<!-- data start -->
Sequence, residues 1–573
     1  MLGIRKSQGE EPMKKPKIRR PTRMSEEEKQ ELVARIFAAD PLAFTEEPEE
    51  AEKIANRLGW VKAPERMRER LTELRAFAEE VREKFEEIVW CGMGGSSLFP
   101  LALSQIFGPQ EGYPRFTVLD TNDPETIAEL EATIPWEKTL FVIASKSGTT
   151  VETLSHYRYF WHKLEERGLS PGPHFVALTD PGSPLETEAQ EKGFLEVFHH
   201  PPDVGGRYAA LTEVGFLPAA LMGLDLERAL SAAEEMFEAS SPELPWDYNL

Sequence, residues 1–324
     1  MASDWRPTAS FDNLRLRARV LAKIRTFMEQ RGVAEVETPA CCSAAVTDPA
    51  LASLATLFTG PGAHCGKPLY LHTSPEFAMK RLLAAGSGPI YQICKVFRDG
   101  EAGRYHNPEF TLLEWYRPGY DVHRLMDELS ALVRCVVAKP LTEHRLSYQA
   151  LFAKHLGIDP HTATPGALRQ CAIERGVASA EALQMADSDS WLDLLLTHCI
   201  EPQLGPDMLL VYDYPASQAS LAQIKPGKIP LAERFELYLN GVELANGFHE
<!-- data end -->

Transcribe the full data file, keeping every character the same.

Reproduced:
Sequence, residues 1–573
     1  MLGIRKSQGE EPMKKPKIRR PTRMSEEEKQ ELVARIFAAD PLAFTEEPEE
    51  AEKIANRLGW VKAPERMRER LTELRAFAEE VREKFEEIVW CGMGGSSLFP
   101  LALSQIFGPQ EGYPRFTVLD TNDPETIAEL EATIPWEKTL FVIASKSGTT
   151  VETLSHYRYF WHKLEERGLS PGPHFVALTD PGSPLETEAQ EKGFLEVFHH
   201  PPDVGGRYAA LTEVGFLPAA LMGLDLERAL SAAEEMFEAS SPELPWDYNL

Sequence, residues 1–324
     1  MASDWRPTAS FDNLRLRARV LAKIRTFMEQ RGVAEVETPA CCSAAVTDPA
    51  LASLATLFTG PGAHCGKPLY LHTSPEFAMK RLLAAGSGPI YQICKVFRDG
   101  EAGRYHNPEF TLLEWYRPGY DVHRLMDELS ALVRCVVAKP LTEHRLSYQA
   151  LFAKHLGIDP HTATPGALRQ CAIERGVASA EALQMADSDS WLDLLLTHCI
   201  EPQLGPDMLL VYDYPASQAS LAQIKPGKIP LAERFELYLN GVELANGFHE